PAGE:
Saturday, September 24, 2005


If my friends do that, I can live with it. If my enemies do that I want to kill them. It's a matter of loyalty, not one of Reason. What happens if we find our loyalty is given to a cynic?

Below we have a short excerpt from wikipedia followed by an introduction to an essay on Chirac's relations with Islam and Arabia. The position here is obvious, so we won't interfere further with editorializing.

Plato said that only a man who is just can be loyal, and that loyalty is a condition of genuine philosophy. The philosopher Josiah Royce said it was the supreme moral good, and that one's devotion to an object mattered more than the merits of the object itself. In contrast, philosopher Michael E. Berumen thinks Royce turns morality on its head, and, for example, that a Nazi is not made more moral because of his extreme devotion to Nazism. Berumen contends that loyalty and adherence to duty are often conflated, mistakenly, and that one always ought to perform one's duty, notwithstanding one's feelings of loyalty, which might be directed towards something that is contrary to duty. Berumen maintains that unconditional loyalty is morally forbidden, for it does not recognize moral limits.

The Chirac Doctrine
Olivier Guitta

Under President Jacques Chirac, French foreign policy has become increasingly assertive - although one French academic recently described its raison d'ĂȘtre as to "oppose just to exist." But such descriptions are not entirely fair. While Chirac inherited a French foreign policy already tilted toward the Arab world, his pursuit of close personal ties to Arab leaders and his outreach to Islamists, rejectionist Arab states, and groups considered terrorists by the U.S. government is part of a broader strategy to increase French influence in the region.

The French approach to the Middle East changed after the Israeli victory in the 1967 Six-Day war. Then-President Charles De Gaulle began to espouse the decidedly pro-Arab policy that still prevails. According to the newsmagazine Le Point, De Gaulle explained, "The Arabs have for themselves their numbers, space, and time." It was a Machiavellian calculation. He pursued what he saw as a long-term strategy: sacrificing good ties with Israel in order to win the good will of the more populous and oil-rich Arab world.

Upon assuming the presidency in 1995, Chirac sought even closer ties to the Arab world. Speaking in Cairo in April 1996, he declared, " France's Arab policy must be a dimension of its foreign policy. I wish to give it a new boost." The French government expanded its trade and cultural exchanges with the Arab world. By 2002, France was among the top three trade partners for most Arab countries: first in Morocco, Algeria, Tunisia, and Saddam's Iraq, second in Lebanon, and Syria, and third in Egypt.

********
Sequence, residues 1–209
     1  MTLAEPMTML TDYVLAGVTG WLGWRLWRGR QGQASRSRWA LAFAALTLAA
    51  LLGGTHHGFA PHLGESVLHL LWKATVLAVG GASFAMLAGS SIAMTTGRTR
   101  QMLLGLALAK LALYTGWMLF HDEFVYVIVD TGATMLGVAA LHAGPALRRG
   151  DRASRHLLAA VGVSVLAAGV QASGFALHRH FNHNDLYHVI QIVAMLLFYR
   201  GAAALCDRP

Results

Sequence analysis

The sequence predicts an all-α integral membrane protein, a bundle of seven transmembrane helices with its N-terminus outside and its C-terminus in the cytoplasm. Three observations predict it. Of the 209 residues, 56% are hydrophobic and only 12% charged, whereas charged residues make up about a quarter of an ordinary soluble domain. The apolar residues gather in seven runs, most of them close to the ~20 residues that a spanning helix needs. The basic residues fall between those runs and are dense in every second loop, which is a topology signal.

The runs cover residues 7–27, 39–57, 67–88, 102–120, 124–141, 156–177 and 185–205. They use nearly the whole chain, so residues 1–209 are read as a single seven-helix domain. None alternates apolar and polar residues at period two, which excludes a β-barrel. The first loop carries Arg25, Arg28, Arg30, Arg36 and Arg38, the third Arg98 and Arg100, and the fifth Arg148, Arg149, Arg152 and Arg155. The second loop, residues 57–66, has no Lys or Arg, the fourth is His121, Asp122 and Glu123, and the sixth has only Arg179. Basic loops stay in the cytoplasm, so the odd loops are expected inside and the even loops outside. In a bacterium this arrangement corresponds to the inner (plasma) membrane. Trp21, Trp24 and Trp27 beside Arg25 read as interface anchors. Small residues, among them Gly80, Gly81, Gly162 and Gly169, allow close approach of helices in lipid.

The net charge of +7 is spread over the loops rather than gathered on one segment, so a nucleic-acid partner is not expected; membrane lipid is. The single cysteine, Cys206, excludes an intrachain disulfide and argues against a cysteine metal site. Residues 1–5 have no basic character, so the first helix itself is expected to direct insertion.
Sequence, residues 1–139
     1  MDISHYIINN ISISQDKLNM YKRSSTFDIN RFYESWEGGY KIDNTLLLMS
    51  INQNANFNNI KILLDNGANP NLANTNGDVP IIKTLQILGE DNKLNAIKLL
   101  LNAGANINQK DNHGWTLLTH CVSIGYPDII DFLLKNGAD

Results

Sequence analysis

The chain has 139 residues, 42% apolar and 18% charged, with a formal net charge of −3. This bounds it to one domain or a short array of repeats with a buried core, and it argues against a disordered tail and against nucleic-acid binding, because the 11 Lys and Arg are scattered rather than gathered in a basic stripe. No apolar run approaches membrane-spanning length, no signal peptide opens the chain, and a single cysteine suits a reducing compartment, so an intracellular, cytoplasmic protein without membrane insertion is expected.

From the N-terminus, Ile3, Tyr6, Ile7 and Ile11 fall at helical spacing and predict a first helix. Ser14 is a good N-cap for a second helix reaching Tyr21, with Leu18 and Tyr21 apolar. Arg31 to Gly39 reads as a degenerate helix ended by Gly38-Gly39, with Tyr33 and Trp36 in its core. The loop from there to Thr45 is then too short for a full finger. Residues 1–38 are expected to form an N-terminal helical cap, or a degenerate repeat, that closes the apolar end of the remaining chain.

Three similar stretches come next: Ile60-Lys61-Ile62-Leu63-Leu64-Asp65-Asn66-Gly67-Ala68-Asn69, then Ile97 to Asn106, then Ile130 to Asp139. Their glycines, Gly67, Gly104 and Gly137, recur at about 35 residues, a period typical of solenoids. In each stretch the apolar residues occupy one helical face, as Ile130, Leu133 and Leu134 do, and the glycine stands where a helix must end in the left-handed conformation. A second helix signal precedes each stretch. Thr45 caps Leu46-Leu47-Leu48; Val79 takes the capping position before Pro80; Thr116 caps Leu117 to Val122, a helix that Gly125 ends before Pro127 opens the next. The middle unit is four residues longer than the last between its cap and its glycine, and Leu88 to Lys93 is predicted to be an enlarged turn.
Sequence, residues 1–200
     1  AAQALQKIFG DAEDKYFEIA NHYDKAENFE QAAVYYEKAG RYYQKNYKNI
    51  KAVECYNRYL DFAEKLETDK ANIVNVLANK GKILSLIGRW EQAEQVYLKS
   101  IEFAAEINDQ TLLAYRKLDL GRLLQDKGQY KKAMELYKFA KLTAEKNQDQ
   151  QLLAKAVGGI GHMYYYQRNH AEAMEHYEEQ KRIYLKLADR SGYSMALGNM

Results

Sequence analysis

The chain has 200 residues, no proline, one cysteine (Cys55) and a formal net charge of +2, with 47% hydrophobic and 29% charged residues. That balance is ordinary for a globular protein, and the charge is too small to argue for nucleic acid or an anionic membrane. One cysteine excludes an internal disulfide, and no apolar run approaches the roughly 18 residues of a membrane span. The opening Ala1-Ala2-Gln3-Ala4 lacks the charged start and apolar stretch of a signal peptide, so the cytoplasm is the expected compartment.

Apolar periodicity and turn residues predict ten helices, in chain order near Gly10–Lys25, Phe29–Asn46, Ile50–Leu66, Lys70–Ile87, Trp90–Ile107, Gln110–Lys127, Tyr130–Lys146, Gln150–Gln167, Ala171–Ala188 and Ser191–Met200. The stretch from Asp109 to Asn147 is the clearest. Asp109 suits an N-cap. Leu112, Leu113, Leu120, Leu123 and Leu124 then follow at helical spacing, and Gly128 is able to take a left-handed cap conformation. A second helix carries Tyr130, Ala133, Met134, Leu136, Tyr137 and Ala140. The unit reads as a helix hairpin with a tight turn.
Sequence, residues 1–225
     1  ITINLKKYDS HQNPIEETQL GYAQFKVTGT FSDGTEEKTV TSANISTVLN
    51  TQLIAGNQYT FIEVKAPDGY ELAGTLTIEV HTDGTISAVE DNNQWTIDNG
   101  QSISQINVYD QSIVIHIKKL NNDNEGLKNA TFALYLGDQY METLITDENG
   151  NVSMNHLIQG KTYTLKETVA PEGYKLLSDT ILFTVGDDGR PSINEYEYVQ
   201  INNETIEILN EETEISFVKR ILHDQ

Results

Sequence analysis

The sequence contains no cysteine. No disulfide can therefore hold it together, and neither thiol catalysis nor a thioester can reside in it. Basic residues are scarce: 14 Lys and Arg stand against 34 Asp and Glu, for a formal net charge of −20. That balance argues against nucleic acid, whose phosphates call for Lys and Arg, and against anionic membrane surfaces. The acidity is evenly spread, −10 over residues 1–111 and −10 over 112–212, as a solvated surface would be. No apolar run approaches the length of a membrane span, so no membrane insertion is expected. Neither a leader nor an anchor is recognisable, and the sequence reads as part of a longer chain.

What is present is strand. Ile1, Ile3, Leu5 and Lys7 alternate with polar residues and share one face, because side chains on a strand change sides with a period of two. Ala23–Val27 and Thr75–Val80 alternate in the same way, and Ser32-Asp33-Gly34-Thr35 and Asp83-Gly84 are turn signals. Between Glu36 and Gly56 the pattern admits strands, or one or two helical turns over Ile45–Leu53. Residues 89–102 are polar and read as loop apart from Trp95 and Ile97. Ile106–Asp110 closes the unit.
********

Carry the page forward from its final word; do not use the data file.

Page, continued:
Chirac won Arab support as he repeatedly juxtaposed his pro-Arab stance with Washington's support for Israel. His popularity has become so great in recent years that a number of Palestinian families have named their sons "Chirac." During Ramadan in 2003, merchants in Cairo named the best quality dates-the traditional food with which Arabs break the sunrise to sunset fast- "Chiracs" to honor the French president. A May 2004 Zogby survey conducted in six Arab countries, found Chirac at the top of the list of world leaders in Egypt, Lebanon, and Morocco, and third in Jordan, Saudi Arabia, and the United Arab Emirates. In contrast, the same polls found U.S. President George W. Bush the least favorite world leader after only Israeli Prime Minister Ariel Sharon.

Chirac has formed close personal relationships with a number of Arab leaders, including not only Arafat and the late prime minister of Lebanon, Rafik al-Hariri, but also with the late Syrian president Hafez al-Assad, his son and successor Bashar, as well as former Iraqi dictator Saddam Hussein. These personal relationships have become the backbone of French Middle East policy.

Perhaps Chirac's deepest friendship has been with Saddam Hussein. The two first met in December 1974 when then-Prime Minister Chirac visited Baghdad to negotiate trade agreements, including the delivery of a nuclear reactor later destroyed by an Israeli air raid in 1981. When Hussein visited France the following September-his only visit to a Western country-Chirac said, "I welcome you as my personal friend. I assure you of my esteem, my consideration, and my affection."

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